Dec. 10, 2008 —
Maj. Gen. Mark Hertling, commander of the 1st Armored Division and Multi-National Division-North, greets Maj. Gen. Jamal Thakr Bakr outside of the Kirkuk police headquarters Dec. 4 during a visit to Kirkuk City, Iraq.
WASHINGTON (Dec. 8, 2008) – Citing “monumental” improvements since his soldiers arrived in Iraq last year, the outgoing commander of Multin-Ntional Division - North Monday credited his troops, Iraqi security forces and the Iraqi people with creating a historic turnaround.
Army Maj. Gen. Mark P. Hertling and his 1st Armored Division soldiers arrived in Iraq just as the troop surge was taking effect in Baghdad and “the awakening movement” was beginning to push al-Qaida out of Anbar province.
“I told our units that we were arriving at a critical time and that our actions, one way or another, would make history,” he told Pentagon reporters via videoconference from Contingency Operating Base Speicher near Tikrit, Iraq.
The situation then was dire. Enemy attacks had hit 1,800 a month, the Iraqis had little trust in their central government, and unemployment was “staggering,” Hertling said. “For every two steps forward, we assessed, they were making one step back.”
“When we arrived, our task was to decrease violence, partner with the Iraqi security forces as well as local and governmental leaders, and grow the nation’s economy,” he said. “We saw our roles as allies with the Iraqi people, working with them to change their communities and stop those who sought to destroy them.”
Hertling, who redeploys with his soldiers tomorrow to Wurzberg, Germany, pointed to broad indicators of progress across a region the size of Connecticut, New Jersey, Maryland and Vermont combined. Violence is down dramatically, Iraqi security forces are gaining in numbers and capability, the local economy is improving and the Iraqi government is making strides, he said.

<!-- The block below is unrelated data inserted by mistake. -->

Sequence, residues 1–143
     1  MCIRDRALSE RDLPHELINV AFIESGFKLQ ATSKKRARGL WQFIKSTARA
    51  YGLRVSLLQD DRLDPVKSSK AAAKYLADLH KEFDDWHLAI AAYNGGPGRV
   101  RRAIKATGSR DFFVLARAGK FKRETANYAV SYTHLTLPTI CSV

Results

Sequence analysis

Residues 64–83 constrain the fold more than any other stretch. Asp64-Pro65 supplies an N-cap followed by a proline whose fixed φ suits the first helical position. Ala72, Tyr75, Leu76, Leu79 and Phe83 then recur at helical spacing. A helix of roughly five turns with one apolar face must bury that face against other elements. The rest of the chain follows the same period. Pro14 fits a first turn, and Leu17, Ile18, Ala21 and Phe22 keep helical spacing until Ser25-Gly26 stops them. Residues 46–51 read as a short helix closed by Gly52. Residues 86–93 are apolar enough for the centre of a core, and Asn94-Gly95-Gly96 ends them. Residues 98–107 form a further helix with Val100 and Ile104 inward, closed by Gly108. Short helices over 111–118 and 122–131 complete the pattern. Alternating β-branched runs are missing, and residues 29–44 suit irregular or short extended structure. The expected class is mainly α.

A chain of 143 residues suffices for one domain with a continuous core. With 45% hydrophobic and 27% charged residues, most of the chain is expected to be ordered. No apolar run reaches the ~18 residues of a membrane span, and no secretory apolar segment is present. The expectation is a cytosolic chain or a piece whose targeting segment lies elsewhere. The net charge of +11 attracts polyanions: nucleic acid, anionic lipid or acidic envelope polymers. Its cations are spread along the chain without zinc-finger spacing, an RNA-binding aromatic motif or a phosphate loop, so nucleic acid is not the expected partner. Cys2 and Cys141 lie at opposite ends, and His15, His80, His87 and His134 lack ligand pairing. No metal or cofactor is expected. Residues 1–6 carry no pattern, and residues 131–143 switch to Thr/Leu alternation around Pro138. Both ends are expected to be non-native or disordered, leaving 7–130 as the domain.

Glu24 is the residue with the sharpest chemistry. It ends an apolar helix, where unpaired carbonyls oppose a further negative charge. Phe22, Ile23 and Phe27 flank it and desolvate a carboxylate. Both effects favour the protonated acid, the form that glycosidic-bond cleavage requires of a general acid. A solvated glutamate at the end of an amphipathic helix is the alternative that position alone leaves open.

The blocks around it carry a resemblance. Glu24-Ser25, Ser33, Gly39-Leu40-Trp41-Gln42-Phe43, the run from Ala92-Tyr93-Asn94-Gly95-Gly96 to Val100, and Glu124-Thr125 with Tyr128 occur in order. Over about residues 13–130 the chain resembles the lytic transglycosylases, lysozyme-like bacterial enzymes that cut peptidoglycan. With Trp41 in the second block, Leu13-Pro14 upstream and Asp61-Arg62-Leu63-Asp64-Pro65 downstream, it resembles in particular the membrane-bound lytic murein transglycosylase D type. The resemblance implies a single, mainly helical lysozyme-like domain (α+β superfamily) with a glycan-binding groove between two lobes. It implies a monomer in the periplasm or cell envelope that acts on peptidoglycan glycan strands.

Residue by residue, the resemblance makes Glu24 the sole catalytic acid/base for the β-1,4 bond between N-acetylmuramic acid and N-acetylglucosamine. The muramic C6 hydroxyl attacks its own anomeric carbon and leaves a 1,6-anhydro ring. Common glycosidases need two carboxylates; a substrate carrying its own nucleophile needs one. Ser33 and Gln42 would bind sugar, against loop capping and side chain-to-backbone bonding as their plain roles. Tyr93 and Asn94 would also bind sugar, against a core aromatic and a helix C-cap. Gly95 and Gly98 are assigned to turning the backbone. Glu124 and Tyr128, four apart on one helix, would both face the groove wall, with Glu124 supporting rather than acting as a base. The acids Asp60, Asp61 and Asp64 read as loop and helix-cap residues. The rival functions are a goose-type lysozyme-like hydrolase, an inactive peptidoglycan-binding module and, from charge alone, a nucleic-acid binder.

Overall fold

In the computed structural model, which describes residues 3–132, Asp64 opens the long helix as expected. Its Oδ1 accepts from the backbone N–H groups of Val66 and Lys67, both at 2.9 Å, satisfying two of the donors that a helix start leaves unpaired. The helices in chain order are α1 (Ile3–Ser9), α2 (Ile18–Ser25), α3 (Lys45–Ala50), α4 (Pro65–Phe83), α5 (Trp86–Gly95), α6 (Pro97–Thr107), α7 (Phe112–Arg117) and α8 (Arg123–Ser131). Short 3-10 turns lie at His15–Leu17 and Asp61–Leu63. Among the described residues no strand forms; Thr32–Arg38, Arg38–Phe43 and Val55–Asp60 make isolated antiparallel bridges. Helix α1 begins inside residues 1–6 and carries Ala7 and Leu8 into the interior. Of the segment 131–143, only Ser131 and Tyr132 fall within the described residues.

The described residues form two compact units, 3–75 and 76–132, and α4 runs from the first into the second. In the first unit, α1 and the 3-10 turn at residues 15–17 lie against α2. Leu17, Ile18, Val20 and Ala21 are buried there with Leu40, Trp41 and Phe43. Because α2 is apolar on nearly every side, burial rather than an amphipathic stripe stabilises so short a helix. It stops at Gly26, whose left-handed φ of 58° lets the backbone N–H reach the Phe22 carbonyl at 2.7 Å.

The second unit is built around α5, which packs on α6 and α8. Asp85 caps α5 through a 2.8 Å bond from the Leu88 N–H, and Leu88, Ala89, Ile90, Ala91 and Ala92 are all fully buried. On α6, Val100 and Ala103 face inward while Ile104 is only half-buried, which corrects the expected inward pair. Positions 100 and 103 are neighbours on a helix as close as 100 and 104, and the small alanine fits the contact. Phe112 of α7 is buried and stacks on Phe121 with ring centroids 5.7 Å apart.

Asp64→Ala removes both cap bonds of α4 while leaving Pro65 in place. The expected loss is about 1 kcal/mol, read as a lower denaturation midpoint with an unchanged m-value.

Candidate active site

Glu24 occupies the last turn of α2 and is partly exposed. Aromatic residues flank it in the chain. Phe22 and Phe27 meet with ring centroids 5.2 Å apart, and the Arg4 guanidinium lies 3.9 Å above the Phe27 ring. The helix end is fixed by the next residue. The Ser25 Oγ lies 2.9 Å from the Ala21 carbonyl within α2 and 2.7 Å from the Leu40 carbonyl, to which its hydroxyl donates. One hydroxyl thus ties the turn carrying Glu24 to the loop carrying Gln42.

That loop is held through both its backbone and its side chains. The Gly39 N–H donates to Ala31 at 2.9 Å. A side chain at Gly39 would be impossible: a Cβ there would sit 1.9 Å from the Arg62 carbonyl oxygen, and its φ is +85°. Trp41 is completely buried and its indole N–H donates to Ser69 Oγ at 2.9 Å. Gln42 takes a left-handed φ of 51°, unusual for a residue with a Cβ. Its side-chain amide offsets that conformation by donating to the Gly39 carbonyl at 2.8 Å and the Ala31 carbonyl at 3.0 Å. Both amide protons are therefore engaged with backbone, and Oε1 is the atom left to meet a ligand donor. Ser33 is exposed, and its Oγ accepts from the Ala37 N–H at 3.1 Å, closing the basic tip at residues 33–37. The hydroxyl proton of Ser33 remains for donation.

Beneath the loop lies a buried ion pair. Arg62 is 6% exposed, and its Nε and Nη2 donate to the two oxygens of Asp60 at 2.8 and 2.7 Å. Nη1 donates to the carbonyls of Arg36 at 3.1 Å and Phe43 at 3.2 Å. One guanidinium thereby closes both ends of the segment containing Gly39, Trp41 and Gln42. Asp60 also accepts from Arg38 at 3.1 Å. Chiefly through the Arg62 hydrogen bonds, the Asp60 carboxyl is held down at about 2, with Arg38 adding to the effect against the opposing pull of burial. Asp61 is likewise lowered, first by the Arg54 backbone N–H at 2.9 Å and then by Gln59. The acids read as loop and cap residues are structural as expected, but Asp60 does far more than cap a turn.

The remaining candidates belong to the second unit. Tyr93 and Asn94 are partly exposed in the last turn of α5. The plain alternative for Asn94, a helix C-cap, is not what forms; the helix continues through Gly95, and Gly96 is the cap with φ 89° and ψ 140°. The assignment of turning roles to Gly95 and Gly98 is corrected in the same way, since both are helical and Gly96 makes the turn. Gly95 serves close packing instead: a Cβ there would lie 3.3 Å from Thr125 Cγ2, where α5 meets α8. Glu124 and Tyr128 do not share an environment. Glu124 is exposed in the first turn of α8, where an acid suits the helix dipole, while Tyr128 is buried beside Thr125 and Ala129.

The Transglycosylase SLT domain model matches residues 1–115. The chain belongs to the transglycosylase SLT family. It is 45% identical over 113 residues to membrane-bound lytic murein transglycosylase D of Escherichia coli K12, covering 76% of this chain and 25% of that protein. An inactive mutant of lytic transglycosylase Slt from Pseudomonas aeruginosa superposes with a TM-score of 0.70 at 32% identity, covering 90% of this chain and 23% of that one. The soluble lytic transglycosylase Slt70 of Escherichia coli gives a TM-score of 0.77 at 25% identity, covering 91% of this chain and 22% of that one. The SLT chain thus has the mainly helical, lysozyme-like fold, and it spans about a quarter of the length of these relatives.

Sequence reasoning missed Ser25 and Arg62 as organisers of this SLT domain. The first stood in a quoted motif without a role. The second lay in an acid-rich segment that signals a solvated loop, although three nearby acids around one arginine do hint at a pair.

“I believe the changes in northern Iraq over the last 15 months have been monumental,” he said, citing the combination of “heroic and courageous actions” by coalition troops and civilians assigned to provincial reconstruction teams, actions of the Iraqi security forces and patriotic Iraqi leaders and civilians.
“I’ve watched them make miracle[s] happen,” he said.
Hertling conceded that the picture isn’t all rosy, and that challenges remain. “There are still enemies that need to be destroyed,” he said, noting that “anywhere in this country has the potential of falling back under the control of al-Qaida.”
“It’s a nefarious, evil group of individuals, and they will continue to attempt to conduct the kinds of attacks that kill innocent civilians, wherever we give them the opportunity,” he said.
Meanwhile, the Iraqi government “is still very fragile,” and needs to “polish the representative process and methods of infrastructure repair,” he said.
But despite these challenges, Hertling said, he’s witnessed a major transformation during his time in Iraq that shows promise for a new future.
“The most dramatic change is one that only we get to see over here – and that’s now a new hope in the eyes of the Iraqi people,” he said.
The progress in the region he commanded came at a big cost, Hertling noted, with 104 U.S. soldiers killed and 891 wounded, and big Iraqi losses as well. “At every memorial, we rededicate ourselves to our motto, ‘Make these sacrifices matter,” he said.
Army Maj. Gen. Robert L. Caslen Jr., Hertling’s classmate at the U.S. Military Academy who commands the 25th Infantry Division, will assume responsibility for Multinational Division North during a ceremony tomorrow. The 25th Division headquarters and the division’s 3rd Brigade Combat Team are expected to serve in Iraq for a year under the new deployment cycles that took effect while Hertling’s soldiers were in Iraq.